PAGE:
These questions are key in evaluating the effectiveness of your management team as operators of the company. Why is this important? Business owners rely on key managers to enact the company’s mission successfully. This can involve including managers in setting strategy, executing the strategy through the division of labor, and coordinating to accomplish key tasks.
Clearly separating the owner and operator roles in your business reduces conflicting priorities and improves your transition options. By having a strong management team in place, as well as a plan to handle any disruptions in management, your management team can be the primary “operator” of your company, thus enhancing your company’s value and expanding your options for potential business transitions in the future.
The first step: Creating a framework to assess your organization
In order to begin mapping over operator responsibilities to your management team, it helps to start with a general management framework.
- Owners and management should segment the overall corporate strategy into tasks that are handled by specific roles or groups.
- Coordination among key roles should be developed to allow management to work together to achieve common goals. A structure is needed to define the levels of authority and the flow of information between roles. Typically, most companies adopt functional divisions (for example, sales, finance, manufacturing, etc.), where the heads of each function work together to set corporate policy.
- Oversight of the divisions is facilitated with systems to monitor company health and enable operations. Systems are important for measuring performance in order to tie managers to specific goals.
- The management team sets the tone for the culture of the company. Their management style and establishment of a shared outlook can impact how individuals work with each other and with customers.
Going through this exercise can also highlight any gaps in the existing structure, such as the need to augment management (for example, hiring a CFO) or adjust responsibilities held by current positions. Creating contingency plans can help address potential disruptions due to the departure or retirement of a key leader. Incentive compensation planning and succession planning are two key tools to begin addressing these issues.
Are you using incentive planning to retain and attract talent?
Incentive planning for the closely held business can answer key questions:
- Does the current compensation plan appropriately incentivize managers toward achieving company objectives?
- Does the current compensation package attract, reward, and retain key employees?
Benchmarking the company’s compensation plan on a regular basis versus those of the industry or geography can identify shortcomings and help attract top talent.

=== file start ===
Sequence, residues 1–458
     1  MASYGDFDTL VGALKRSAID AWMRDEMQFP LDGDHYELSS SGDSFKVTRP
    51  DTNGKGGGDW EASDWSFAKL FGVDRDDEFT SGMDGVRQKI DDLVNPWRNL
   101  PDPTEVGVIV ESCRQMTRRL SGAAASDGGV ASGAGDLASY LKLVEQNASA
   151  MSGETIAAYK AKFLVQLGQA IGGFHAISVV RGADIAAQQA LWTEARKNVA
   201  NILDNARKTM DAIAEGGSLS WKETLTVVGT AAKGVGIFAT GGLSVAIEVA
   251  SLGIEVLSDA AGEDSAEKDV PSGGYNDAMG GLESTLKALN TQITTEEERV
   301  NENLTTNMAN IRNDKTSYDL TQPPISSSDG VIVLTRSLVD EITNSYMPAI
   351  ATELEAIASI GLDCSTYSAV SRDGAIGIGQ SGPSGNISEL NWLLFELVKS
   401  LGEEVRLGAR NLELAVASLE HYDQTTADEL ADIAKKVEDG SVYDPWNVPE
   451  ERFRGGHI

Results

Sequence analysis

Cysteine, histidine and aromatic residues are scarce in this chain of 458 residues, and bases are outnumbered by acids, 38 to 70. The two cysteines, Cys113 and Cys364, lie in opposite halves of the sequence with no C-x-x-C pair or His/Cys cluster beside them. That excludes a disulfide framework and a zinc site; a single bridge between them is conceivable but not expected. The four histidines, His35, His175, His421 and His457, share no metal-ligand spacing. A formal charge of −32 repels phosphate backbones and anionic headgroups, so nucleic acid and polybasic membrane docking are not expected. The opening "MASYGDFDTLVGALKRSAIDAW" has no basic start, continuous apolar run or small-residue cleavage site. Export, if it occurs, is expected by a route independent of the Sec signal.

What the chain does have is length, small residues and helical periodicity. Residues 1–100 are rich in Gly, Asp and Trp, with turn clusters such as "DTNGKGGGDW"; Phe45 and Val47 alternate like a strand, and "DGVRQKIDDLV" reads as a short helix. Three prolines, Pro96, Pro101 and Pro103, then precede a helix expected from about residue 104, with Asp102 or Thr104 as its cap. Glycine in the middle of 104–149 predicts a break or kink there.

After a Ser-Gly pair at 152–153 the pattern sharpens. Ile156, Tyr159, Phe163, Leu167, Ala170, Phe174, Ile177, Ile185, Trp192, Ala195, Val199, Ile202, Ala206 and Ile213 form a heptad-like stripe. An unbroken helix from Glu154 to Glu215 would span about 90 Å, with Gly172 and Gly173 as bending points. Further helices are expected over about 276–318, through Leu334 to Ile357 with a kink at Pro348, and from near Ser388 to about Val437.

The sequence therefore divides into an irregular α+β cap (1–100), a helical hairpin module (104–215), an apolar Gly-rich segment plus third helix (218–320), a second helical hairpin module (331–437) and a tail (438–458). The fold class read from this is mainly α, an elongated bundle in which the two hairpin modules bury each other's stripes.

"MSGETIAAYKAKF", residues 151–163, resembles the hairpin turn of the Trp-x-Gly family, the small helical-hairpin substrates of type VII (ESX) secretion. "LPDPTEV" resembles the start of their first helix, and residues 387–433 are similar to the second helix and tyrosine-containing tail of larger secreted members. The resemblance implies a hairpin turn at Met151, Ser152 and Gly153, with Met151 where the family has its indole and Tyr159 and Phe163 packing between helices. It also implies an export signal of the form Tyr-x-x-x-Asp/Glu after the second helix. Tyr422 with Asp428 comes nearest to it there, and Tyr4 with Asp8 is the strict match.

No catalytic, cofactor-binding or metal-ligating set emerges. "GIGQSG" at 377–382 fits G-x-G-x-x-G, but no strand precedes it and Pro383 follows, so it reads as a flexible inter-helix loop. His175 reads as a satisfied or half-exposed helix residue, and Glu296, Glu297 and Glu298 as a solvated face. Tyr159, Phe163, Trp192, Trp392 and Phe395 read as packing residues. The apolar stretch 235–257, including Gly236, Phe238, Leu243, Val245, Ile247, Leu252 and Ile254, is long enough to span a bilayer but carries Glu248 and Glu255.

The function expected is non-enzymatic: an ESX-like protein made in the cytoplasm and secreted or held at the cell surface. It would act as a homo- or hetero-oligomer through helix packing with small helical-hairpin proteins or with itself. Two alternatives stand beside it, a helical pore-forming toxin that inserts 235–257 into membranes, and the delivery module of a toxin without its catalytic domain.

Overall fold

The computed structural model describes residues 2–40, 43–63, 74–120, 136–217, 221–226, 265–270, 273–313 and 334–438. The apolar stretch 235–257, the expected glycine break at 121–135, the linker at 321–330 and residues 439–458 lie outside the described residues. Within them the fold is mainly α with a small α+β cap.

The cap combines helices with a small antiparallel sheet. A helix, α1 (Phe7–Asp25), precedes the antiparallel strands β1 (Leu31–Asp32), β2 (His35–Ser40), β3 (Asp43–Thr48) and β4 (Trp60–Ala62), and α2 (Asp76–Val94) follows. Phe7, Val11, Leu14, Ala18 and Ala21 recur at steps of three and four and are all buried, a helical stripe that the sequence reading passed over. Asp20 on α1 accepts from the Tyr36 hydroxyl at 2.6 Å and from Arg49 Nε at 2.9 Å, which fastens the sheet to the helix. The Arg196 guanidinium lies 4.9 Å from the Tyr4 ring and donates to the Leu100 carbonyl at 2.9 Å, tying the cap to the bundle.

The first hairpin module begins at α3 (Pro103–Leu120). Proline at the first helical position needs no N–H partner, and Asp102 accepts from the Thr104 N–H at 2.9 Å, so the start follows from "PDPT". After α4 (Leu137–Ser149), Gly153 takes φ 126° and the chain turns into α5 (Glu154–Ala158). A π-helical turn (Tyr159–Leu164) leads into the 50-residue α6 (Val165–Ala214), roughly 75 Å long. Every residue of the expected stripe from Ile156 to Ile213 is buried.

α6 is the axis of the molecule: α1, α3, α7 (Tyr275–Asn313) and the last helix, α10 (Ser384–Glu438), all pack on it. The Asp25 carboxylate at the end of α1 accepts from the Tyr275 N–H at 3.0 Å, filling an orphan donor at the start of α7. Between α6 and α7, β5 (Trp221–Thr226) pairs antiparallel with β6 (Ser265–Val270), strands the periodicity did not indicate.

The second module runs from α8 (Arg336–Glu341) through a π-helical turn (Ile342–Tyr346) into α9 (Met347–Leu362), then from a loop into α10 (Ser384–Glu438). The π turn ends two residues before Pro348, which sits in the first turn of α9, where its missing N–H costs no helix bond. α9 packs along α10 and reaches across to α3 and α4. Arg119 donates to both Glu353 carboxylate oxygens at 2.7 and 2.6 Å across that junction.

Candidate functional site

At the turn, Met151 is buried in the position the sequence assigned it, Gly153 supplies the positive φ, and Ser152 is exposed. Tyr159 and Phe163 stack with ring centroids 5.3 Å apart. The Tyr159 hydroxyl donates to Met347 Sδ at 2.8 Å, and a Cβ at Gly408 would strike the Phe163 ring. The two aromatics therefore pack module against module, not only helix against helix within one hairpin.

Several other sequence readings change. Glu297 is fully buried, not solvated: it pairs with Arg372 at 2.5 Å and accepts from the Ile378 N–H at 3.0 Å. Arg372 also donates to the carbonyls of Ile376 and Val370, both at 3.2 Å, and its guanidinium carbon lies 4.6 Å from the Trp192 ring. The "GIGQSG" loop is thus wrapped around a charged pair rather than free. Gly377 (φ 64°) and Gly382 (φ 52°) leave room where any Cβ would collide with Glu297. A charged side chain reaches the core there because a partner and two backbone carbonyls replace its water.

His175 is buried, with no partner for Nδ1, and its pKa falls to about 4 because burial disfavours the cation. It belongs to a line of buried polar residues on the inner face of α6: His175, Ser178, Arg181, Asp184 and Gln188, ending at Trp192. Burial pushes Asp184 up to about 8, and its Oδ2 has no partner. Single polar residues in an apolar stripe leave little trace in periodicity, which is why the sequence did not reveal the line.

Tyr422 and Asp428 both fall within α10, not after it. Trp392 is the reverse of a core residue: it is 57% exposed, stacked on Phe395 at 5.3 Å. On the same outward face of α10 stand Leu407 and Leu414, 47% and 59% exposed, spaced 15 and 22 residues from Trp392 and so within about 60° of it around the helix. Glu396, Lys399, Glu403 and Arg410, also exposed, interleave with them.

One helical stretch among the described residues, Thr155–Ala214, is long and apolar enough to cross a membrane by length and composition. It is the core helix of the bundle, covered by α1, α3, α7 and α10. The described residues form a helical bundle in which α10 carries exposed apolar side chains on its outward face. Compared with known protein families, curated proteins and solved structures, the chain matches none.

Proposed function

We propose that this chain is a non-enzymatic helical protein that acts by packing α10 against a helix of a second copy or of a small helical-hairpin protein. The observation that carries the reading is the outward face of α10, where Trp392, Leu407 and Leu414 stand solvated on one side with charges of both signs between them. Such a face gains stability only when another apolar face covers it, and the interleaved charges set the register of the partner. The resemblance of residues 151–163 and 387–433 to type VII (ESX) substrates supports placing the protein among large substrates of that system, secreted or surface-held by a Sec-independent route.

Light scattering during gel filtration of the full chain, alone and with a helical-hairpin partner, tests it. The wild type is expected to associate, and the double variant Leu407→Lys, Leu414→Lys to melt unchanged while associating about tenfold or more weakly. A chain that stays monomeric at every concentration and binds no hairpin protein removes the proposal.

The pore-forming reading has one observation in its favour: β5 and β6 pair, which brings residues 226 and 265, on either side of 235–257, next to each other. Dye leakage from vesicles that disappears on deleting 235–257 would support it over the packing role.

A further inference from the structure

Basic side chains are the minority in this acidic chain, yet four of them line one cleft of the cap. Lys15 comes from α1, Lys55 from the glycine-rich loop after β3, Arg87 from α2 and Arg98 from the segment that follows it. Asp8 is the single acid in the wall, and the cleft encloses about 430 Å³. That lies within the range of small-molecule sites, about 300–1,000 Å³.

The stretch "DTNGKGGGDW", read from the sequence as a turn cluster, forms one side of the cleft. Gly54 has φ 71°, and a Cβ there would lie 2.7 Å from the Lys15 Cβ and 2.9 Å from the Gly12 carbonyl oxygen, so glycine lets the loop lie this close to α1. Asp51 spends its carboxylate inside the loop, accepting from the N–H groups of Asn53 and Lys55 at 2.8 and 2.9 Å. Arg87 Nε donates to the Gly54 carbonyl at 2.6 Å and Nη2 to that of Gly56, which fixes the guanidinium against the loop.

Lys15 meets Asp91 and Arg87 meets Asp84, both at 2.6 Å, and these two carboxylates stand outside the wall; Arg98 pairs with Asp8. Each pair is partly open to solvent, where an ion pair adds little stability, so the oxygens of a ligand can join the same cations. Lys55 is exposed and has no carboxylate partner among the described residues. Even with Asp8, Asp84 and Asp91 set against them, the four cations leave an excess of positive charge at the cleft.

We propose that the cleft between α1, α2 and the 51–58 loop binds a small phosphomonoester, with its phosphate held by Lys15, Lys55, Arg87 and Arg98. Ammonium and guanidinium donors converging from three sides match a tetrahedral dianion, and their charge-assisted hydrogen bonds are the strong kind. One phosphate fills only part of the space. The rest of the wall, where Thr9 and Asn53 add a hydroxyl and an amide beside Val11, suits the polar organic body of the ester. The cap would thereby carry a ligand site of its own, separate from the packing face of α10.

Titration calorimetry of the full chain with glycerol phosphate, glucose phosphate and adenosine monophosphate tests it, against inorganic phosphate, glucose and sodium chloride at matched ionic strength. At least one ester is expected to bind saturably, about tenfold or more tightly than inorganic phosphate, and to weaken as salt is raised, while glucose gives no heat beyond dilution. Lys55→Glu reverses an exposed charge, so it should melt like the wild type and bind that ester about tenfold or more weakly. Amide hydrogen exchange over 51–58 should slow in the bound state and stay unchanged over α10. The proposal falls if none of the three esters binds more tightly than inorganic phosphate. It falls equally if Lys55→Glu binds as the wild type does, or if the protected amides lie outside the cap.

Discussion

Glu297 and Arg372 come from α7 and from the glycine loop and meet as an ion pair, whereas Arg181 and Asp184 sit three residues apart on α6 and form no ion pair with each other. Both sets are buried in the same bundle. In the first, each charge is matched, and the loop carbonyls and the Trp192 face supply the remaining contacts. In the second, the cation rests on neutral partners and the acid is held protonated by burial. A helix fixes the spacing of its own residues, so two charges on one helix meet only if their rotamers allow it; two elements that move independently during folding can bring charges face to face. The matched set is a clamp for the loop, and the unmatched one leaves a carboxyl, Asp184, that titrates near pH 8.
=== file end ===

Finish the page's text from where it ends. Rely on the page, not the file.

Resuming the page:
How are you developing resiliency through succession planning?
When a key executive leaves, the company may face numerous risks, including the loss of specialized expertise, a disruption in customer/vendor relationships, and a decrease in employee morale. Succession planning helps minimizes the company’s risk exposure by reducing attrition and ensuring business continuity.
Start the planning process by identifying those positions of key importance. Understanding the requirements of the position and the characteristics needed to be successful can help develop a profile of the role. Based on the profile, interim leaders from other positions within the organization can be identified. If there are gaps of knowledge that must be overcome, the creation of a development plan to prepare successors should be created. Regularly updating the succession plan can keep the company prepared for any surprises.
Ways to enhance the value of your business in a transition
By empowering management, you can prepare for your transition out of the business. A strong management team that can run the company in your absence opens up pathways for a successful transition.
- A management buyout becomes a strong alternative to a retiring or passive owner, especially with a motivated executive team. Such an alternative can also serve as a retention strategy by minimizing risk to managers compared with a new owner while enticing key executives with ownership.
- Sale of the company to an employee stock ownership plan (ESOP) can also reduce risk relative to a new owner. Additionally, it offers all employees the opportunity for ownership in the company while retaining the ability to competitively compensate key managers.
- A strong management team increases the value of the company in the eyes of private equity buyers who are looking to back successful operators. If an owner can demonstrate to the private equity firm that the company can run without their presence, then this may give the owner the opportunity to exit completely from operational roles and possibly reduce any rollover investment into the company going forward.
- A sale to a strategic buyer can give an owner a clean exit while offering management team members the opportunity to advance in a larger organization.
These planning exercises can help you empower your management team to become successful operators of the business. For more information, contact your advisor.
This article was written for Wells Fargo Advisors by Mahesh Rao, Business Owner Advisory Specialist Wealth & Investment Management, and provided courtesy of Brian Konish, Managing Director-Investments in Boston at 617-289-9418.